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printf(1)                 BSD General Commands Manual                printf(1)


NAME

     printf -- formatted output


SYNOPSIS

     printf format [arguments ...]


DESCRIPTION

     The printf utility formats and prints its arguments, after the first,
     under control of the format.  The format is a character string which con-
     tains three types of objects: plain characters, which are simply copied
     to standard output, character escape sequences which are converted and
     copied to the standard output, and format specifications, each of which
     causes printing of the next successive argument.

     The arguments after the first are treated as strings if the corresponding
     format is either c, b or s; otherwise it is evaluated as a C constant,
     with the following extensions:

           o   A leading plus or minus sign is allowed.
           o   If the leading character is a single or double quote, the value
               is the ASCII code of the next character.

     The format string is reused as often as necessary to satisfy the
     arguments.  Any extra format specifications are evaluated with zero or
     the null string.

     Character escape sequences are in backslash notation as defined in the
     ANSI X3.159-1989 (``ANSI C89''), with extensions.  The characters and
     their meanings are as follows:

           \a      Write a <bell> character.
           \b      Write a <backspace> character.
           \c      Ignore remaining characters in this string.
           \f      Write a <form-feed> character.
           \n      Write a <new-line> character.
           \r      Write a <carriage return> character.
           \t      Write a <tab> character.
           \v      Write a <vertical tab> character.
           \'      Write a <single quote> character.
           \\      Write a backslash character.
           \num
           \0num   Write an 8-bit character whose ASCII value is the 1-, 2-,
                   or 3-digit octal number num.

     Each format specification is introduced by the percent character (``%'').
     The remainder of the format specification includes, in the following
     order:

     Zero or more of the following flags:

             #       A `#' character specifying that the value should be
                     printed in an ``alternate form''.  For c, d, and s, for-
                     mats, this option has no effect.  For the o formats the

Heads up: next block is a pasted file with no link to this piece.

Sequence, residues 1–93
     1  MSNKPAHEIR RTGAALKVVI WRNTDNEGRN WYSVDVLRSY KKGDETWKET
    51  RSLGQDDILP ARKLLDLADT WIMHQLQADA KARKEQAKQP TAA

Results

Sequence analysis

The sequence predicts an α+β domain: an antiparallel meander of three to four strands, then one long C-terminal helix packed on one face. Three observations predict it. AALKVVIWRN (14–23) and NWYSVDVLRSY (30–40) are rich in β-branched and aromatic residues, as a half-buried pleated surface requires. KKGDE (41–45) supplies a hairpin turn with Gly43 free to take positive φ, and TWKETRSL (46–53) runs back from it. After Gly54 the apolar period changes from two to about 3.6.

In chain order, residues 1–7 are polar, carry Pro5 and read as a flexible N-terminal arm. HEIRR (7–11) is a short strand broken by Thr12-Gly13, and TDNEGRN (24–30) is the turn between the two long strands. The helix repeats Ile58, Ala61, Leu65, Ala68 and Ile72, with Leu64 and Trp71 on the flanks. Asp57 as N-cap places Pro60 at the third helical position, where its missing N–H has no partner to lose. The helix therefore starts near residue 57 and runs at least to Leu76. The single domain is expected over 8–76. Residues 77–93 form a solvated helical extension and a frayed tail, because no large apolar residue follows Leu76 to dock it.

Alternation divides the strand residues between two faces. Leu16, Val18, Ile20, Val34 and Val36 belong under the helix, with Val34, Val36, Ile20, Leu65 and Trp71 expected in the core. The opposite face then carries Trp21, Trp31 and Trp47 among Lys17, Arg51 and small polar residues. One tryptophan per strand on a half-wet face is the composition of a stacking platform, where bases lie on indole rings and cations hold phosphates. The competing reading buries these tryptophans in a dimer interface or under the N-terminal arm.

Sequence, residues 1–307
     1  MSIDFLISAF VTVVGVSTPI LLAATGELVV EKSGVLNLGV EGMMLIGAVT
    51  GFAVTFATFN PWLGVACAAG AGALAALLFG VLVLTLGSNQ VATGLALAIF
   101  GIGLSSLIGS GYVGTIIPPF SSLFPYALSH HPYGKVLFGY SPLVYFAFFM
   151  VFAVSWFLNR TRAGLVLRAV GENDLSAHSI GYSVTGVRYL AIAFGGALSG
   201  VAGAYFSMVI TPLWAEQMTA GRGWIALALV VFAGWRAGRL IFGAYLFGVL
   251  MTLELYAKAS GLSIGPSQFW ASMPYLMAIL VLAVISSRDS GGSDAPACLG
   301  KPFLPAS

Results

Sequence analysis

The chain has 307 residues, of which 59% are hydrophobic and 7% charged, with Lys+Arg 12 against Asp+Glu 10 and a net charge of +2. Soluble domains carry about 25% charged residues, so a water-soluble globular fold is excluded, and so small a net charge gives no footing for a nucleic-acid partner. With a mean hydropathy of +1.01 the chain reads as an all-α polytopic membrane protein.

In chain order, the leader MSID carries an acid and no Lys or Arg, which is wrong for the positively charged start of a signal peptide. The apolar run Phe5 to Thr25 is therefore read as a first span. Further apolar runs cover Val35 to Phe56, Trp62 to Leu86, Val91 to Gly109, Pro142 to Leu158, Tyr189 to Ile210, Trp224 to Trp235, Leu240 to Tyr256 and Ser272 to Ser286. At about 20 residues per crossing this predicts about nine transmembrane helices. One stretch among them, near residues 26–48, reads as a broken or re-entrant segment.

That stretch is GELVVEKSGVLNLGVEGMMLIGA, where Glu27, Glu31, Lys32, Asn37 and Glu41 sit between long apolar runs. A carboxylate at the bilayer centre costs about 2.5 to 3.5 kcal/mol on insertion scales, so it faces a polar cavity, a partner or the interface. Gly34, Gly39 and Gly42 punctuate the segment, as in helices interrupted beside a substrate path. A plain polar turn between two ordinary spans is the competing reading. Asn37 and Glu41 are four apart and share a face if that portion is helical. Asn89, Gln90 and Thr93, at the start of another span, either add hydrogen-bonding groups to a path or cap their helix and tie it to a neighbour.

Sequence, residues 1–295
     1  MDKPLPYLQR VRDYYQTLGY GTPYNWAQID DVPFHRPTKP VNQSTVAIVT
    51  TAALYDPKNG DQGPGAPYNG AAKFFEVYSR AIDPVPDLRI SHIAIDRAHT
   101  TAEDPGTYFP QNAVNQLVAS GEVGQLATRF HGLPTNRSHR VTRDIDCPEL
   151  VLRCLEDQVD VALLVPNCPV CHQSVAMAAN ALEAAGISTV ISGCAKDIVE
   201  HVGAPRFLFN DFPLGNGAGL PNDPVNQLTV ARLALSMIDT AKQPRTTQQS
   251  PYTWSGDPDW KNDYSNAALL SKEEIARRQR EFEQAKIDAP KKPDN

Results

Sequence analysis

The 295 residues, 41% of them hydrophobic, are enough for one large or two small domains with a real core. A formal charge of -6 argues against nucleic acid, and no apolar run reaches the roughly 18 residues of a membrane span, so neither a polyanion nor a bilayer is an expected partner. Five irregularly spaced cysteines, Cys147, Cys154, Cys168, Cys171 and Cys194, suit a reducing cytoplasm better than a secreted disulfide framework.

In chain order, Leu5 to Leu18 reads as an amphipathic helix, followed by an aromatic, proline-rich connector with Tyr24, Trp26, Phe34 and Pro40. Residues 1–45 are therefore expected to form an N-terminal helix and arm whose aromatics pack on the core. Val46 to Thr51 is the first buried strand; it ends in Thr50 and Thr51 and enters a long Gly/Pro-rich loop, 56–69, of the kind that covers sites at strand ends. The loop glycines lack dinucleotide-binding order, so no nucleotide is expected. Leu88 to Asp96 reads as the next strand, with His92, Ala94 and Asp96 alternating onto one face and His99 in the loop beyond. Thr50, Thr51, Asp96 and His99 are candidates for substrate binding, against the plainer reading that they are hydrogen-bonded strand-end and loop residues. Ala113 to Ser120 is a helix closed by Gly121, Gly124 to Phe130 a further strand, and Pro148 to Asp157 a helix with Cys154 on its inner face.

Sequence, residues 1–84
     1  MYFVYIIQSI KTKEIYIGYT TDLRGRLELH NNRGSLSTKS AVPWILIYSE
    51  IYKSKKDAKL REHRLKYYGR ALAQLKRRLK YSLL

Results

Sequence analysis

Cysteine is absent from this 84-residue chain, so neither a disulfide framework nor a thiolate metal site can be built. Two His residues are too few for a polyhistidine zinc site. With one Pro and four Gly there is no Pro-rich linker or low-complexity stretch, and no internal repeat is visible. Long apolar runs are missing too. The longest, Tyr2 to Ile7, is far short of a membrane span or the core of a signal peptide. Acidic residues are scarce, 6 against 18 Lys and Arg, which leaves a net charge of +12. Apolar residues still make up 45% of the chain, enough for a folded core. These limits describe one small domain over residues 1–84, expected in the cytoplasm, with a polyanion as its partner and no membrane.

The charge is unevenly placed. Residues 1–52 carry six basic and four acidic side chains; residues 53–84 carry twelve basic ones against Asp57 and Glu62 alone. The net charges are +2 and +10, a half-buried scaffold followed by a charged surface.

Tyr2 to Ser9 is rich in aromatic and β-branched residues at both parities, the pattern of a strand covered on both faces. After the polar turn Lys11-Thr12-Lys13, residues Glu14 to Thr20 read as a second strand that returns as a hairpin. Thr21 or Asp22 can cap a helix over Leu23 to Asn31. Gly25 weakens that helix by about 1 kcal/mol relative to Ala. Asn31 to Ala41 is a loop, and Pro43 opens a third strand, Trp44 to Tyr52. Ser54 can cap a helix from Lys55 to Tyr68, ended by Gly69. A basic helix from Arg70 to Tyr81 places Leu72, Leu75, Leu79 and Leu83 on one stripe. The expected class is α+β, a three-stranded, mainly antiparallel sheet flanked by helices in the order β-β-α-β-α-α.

precision of the number is increased to force the first
                     character of the output string to a zero.  For the x (X)
                     format, a non-zero result has the string 0x (0X)
                     prepended to it.  For e, E, f, g, and G, formats, the
                     result will always contain a decimal point, even if no
                     digits follow the point (normally, a decimal point only
                     appears in the results of those formats if a digit fol-
                     lows the decimal point).  For g and G formats, trailing
                     zeros are not removed from the result as they would oth-
                     erwise be;

             -       A minus sign `-' which specifies left adjustment of the
                     output in the indicated field;

             +       A `+' character specifying that there should always be a
                     sign placed before the number when using signed formats.

             ` '     A space specifying that a blank should be left before a
                     positive number for a signed format.  A `+' overrides a
                     space if both are used;

             0       A zero `0' character indicating that zero-padding should
                     be used rather than blank-padding.  A `-' overrides a `0'
                     if both are used;

     Field Width:
             An optional digit string specifying a field width; if the output
             string has fewer characters than the field width it will be
             blank-padded on the left (or right, if the left-adjustment indi-
             cator has been given) to make up the field width (note that a
             leading zero is a flag, but an embedded zero is part of a field
             width);

     Precision:
             An optional period, `.', followed by an optional digit string
             giving a precision which specifies the number of digits to appear
             after the decimal point, for e and f formats, or the maximum num-
             ber of characters to be printed from a string; if the digit
             string is missing, the precision is treated as zero;

     Format: